Personal photography projects by esam hassanyeh that have been inspired by a spiritual, emotional and creative curiosity about people and the way they live their lives...
25 imagesAzumazeki-beya is a stable of sumo wrestlers located at Higashi-Komagata, Sumido, Tokyo. Part of the Takasago group of stables, it was founded in 1986 by Hawaiian born Takamiyama. He was not only the the first foreign born rikishi to win the top division championship (in 1972) but also the first foreign born wrestler to ever take charge of a training stable. The former Takamiyama was succeeded by the current stable master Ushiomaru after reaching the mandatory retirement age of 65 in June 2009. Ushiomaru is also a former rikishi who announced his retirement from active competition in May 2009. His highest rank was maegashira 10.
30 imagesThe Hamer people (Also known as Hamar) are a community inhabiting the territory east of the Omo River in south western Ethiopia. Whilst they have villages in Turmi and Dimeka, most live in small clusters of wooden mud huts scattered among the bush covered hills in the area. The official population of Hamer vary and a 2007 national census reported 46,532 people in this ethnic group. They make a living from cattle, goats and other livestock as well as farming. In march 2014, I arranged to stay in a remote small Hamer village about 80 kms from the nearest town. I was very privileged to be the first foreigner to stay with them and also the first photographer to photograph them. Whilst I had planned a 10 day stay, unfortunately my lighting equipment overheated in the extremely hot and dry weather conditions and I had to leave after just 6 days. The first 2 days of my stay were spent sitting quietly under a tree whilst the village discussed my arrival and conditions of acceptance. Once these important customs and formalities were concluded, I was welcomed as a guest. These photographs were taken over just 4 days. It was a unique experience for us all as most of them had never seen camera or lighting equipment ("White heat") before or even a photograph of themselves. For me, these images represent a small part of what the Hamer people are about. In the short time I was there, I experienced the incredible values that they have as a community and learned about some of the traditions that they are fighting hard to keep from the inevitable influence of the outside world. I have never experienced a people who live in such peace and harmony with each other and their land. Printed photographs of these and other portraits I took of the Hamer have been sent back to them in gratitude.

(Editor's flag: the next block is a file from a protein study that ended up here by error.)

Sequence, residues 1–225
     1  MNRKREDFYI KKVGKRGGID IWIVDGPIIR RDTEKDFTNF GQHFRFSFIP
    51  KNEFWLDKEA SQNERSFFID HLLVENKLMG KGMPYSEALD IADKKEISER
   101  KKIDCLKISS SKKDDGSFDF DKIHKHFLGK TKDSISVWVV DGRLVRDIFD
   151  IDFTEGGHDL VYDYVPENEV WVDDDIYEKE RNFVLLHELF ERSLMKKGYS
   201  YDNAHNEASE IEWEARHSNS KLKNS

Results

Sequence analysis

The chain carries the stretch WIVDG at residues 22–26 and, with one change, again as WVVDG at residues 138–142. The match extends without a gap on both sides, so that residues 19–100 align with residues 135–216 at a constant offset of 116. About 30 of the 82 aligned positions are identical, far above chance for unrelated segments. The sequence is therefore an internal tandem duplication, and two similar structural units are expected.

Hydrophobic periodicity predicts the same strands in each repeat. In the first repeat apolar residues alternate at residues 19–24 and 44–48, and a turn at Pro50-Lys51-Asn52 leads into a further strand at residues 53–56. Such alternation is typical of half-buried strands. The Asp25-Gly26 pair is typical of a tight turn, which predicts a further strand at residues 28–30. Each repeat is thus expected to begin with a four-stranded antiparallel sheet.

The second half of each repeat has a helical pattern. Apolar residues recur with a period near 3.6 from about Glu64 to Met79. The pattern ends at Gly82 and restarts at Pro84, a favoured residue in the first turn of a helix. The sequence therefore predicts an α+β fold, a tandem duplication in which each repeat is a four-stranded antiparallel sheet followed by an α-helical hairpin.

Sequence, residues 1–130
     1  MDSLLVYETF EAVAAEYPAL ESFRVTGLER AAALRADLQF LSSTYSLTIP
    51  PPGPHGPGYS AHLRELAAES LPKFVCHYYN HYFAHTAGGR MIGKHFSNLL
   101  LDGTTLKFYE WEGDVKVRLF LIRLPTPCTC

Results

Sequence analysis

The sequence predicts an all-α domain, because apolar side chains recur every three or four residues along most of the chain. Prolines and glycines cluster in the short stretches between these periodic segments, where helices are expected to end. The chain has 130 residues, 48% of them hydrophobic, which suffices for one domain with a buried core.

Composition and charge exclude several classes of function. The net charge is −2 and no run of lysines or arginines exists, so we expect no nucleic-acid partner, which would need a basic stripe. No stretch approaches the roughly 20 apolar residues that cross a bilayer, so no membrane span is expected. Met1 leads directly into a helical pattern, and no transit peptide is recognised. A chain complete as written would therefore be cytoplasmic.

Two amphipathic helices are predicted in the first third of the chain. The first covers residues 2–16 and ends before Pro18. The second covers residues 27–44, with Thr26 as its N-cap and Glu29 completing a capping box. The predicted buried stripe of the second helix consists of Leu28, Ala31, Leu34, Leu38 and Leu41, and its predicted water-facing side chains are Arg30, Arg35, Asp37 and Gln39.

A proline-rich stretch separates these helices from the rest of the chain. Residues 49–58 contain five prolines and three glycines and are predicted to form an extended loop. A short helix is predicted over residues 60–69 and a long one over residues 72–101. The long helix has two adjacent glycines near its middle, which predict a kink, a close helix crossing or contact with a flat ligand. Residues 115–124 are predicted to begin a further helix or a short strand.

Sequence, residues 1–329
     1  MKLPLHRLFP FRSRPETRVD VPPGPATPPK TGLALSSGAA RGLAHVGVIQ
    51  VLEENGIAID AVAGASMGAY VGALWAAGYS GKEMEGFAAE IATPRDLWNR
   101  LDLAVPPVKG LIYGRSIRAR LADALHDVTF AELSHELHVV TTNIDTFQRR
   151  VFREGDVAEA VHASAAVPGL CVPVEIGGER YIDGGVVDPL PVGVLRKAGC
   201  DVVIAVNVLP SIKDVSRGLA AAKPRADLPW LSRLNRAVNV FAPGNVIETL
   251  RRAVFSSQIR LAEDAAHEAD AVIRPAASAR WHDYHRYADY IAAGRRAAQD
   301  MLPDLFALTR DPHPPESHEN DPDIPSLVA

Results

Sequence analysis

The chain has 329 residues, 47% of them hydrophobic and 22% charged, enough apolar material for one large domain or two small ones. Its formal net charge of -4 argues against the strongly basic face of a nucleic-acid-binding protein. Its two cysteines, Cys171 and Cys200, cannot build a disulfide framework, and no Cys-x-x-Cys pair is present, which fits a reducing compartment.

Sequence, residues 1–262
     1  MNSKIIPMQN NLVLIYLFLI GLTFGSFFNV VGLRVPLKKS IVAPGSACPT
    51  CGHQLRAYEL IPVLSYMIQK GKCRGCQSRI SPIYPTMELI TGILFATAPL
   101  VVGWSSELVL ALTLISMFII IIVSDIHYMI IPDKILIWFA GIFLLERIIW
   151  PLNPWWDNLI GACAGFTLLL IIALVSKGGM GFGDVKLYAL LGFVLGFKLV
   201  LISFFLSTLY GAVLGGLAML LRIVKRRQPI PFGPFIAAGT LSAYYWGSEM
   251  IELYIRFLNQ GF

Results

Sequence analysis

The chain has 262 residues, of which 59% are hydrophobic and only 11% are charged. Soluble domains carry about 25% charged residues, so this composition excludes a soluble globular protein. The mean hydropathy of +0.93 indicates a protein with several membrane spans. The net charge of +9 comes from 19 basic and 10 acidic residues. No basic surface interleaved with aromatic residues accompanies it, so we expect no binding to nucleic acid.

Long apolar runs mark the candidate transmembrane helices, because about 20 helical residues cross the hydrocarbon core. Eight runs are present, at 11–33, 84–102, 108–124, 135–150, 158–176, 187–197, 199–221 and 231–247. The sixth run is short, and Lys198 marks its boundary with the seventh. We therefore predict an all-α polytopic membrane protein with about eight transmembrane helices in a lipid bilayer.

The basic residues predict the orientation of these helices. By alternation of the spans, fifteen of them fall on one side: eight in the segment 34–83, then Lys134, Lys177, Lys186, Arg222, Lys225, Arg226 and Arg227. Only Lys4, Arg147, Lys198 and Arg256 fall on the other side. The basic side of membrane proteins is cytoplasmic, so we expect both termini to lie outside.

40 imagesThe Hamer Tribe of Ethiopia are the largest inhabitants of the lower Omo Valley. In 2014, I made my first photographic exploration there and camped in one small village in a very remote area of the Lower Omo Valley. I was privileged to be the first westener and photographer to do so. This year I returned to the same region but to a different village. Again I was privileged to be the first westerner and first photographer to camp amongst the small Hamer community. Whilst there, I went to the previous village I camped in 2014 to personally hand them printed copies of the photographs. It was emotional to go back and a real surprise to the villagers who welcomed me warmly. These portraits are a study of an amazing people with an amazing culture. I have tried, wherever possible, to keep the style of the photographs true to the Hamer people and the environment within which they live. The land is hot, dry and unforgiving. There is no electricity and water is only available from a few hand pumps scattered along a dry river bed. Yet the Hamer people remain beautiful and warm. They relax under tree's most of the day to cool from the searing sun and when they do, they bend and twist their bodies elegantly to rest comfortably on the tree trunks and branches that shade them. Many of the portraits were taken beneath the tree's as that is where the Hamer spent most of their time during the day. All I did was patiently observe and simply photography what I saw...